A property owner has requested for the local government to rezone her property to allow for significant new development. This could bring substantial new investments, business, and residents. But it could also change the character of the place, burden public infrastructure, and alter neighborhood demographics. Should the local government approve the rezoning?
In general, legislative decisions such as zoning map amendments are left to the discretion of the governing board. Local elected officials may take in public opinion, technical analysis, and political judgment about what is in the best interest of the community. Some considerations are good and even required—planning board recommendation and comprehensive plan consistency, for example. Other considerations are off limits. Governing board members must not base decisions on the race, ethnicity, or religion of the applicant, landowner, or future tenants of the property.
This blog outlines those good and necessary considerations for legislative development decisions. A separate blog highlights the topics that are out of bounds.
Note that while some of these rules and concepts apply to other types of decisions, this discussion is focused on legislative development decisions. For an explanation of the types of development decisions, check out this blog.
A proposal to rezone property or amend the zoning ordinance raises many important and appropriate issues and concerns. What are the land use impacts of this development for the individual property owner? The neighboring property owners? The broader community? The local government? If approved, what will this mean for economic development and environmental impacts, property rights and social equity, infrastructure and opportunity, and the community’s vision for its future. Each of these are legitimate considerations for legislative zoning amendments.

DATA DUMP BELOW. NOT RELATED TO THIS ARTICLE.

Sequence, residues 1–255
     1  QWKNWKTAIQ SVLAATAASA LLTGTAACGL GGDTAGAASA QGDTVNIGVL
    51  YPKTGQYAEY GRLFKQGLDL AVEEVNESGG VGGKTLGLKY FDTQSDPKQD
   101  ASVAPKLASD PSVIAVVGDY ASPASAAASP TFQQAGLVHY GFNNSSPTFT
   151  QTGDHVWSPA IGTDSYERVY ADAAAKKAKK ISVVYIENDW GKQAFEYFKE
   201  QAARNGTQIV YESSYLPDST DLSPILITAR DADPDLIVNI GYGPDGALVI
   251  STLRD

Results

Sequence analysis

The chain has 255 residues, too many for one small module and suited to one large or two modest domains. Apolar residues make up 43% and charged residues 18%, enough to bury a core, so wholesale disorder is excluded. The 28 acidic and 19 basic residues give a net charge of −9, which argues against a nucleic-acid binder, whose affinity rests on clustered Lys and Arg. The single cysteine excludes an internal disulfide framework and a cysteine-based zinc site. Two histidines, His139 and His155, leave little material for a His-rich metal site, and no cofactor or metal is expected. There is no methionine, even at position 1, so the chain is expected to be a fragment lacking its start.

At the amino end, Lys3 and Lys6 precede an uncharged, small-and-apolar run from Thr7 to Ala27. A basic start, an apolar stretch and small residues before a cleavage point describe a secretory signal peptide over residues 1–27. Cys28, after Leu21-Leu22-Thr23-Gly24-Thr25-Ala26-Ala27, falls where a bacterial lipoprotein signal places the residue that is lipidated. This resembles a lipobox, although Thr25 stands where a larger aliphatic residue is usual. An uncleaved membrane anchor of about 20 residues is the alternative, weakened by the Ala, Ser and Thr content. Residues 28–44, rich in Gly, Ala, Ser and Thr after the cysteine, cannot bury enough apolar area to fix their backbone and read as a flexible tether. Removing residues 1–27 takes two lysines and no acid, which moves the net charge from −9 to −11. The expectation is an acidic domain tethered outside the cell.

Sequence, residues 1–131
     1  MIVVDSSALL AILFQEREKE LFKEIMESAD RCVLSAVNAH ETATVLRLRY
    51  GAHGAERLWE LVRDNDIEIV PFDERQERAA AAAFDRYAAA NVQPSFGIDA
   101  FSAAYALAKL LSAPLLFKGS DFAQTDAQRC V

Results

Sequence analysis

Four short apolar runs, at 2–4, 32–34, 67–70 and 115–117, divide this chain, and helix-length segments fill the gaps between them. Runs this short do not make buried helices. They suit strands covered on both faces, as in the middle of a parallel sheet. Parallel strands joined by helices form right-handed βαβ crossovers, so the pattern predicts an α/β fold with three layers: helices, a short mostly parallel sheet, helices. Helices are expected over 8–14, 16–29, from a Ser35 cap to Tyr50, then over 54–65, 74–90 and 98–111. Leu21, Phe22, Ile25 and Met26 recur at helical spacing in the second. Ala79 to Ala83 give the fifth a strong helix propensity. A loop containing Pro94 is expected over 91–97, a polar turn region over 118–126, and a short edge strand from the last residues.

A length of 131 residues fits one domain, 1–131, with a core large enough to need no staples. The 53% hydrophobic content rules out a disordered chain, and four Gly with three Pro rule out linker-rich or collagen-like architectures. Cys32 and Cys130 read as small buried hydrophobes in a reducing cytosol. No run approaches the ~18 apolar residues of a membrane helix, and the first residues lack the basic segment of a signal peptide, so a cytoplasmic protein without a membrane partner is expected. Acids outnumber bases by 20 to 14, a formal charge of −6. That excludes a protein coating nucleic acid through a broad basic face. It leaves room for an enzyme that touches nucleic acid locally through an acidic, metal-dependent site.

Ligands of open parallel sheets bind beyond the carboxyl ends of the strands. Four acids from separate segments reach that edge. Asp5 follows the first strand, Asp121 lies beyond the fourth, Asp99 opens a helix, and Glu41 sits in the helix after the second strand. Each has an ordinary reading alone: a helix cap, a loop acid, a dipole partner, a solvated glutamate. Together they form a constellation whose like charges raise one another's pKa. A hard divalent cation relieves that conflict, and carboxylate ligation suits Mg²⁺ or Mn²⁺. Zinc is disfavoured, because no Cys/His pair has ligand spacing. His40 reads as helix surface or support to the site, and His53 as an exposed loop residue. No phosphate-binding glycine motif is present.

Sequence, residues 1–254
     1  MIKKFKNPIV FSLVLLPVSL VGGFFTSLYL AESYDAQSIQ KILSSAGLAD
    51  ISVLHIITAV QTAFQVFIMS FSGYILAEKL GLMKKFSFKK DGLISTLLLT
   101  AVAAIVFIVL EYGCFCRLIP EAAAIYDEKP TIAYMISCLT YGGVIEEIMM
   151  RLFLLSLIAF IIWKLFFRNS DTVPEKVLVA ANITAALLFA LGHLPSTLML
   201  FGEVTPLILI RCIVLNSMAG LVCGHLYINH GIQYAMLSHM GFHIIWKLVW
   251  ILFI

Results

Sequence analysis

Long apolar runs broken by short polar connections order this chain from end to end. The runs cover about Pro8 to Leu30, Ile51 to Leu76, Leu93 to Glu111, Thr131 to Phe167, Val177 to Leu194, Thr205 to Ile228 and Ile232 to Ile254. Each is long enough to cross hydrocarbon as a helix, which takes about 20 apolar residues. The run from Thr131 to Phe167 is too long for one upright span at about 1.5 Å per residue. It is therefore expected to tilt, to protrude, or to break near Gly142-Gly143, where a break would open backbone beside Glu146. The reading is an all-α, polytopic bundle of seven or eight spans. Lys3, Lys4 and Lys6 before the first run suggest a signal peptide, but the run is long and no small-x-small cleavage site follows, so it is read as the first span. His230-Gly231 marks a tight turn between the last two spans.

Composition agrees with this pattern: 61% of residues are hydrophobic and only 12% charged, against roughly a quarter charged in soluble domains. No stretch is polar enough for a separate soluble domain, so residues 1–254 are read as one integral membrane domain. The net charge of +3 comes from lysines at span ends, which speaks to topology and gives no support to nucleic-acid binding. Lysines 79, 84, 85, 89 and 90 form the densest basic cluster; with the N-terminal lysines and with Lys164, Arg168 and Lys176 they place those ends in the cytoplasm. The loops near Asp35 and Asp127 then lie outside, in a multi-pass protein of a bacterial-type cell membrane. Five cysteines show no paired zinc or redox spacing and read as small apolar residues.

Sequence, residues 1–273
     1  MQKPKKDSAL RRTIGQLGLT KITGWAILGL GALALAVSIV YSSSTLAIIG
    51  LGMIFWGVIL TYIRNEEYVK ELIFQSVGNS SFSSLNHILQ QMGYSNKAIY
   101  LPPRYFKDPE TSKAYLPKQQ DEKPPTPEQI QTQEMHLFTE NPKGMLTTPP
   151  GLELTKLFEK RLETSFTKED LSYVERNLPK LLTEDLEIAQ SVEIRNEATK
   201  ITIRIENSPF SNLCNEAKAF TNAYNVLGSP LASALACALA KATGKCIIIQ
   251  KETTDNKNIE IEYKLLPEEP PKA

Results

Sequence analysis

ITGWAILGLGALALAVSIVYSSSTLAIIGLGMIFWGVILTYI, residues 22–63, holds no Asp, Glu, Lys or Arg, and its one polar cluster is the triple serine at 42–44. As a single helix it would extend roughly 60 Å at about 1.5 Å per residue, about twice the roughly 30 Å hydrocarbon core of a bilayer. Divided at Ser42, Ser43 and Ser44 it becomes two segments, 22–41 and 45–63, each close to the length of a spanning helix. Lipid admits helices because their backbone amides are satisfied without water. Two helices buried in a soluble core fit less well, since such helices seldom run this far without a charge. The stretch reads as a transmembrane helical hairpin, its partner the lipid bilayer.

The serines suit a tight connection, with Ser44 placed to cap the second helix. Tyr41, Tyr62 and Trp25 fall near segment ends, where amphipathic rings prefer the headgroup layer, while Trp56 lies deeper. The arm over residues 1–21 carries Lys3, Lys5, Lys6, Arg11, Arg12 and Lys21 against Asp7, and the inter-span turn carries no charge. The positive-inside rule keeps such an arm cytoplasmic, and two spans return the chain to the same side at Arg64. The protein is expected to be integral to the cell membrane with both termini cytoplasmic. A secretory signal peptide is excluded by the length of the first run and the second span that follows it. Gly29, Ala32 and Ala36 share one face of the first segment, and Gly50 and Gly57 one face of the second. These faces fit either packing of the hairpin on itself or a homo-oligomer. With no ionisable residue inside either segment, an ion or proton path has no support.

Statutory Purposes and Considerations
General Statute 160D-701 sets forth the statutory purposes authorizing land use zoning regulation. To start, zoning regulations “shall be made in accordance with a comprehensive plan and shall be designed to promote the public health, safety, and general welfare.” The state law expands on that broad notion to set forth additional public purposes for zoning: to prevent overcrowding, to reduce congestion in the streets, to provide safety from fire and dangers and to ensure efficient and adequate public facilities and services. Under the authorizing state law, zoning regulations must be made with reasonable consideration of the following, among other things:
- “the character of the district and its peculiar suitability for particular uses”
- “a view to conserving the value of buildings”
- “and encouraging the most appropriate use of land”
Consideration of the Comprehensive Plan
A comprehensive or land use plan is a vision for the community based on careful analysis of existing conditions, robust community engagement, and strategic prioritization by the local government leaders. Under G.S. 160D-501, North Carolina local government must have a comprehensive plan or land use plan that is reasonably up-to-date as a condition of having and enforcing zoning. It is appropriate—even required—for the governing board to consider the applicable plans when it considers an amendment to the development regulations. If there is a request to rezone land on the edge of town for a medium-density residential development, how does that align with the policies and priorities identified by the community in the comprehensive plan? Is the site identified for infrastructure investment and residential development? Or, is the area identified to be maintained for low-density, agricultural uses? The community’s adopted vision should be considered when deciding about amendments to the development regulations.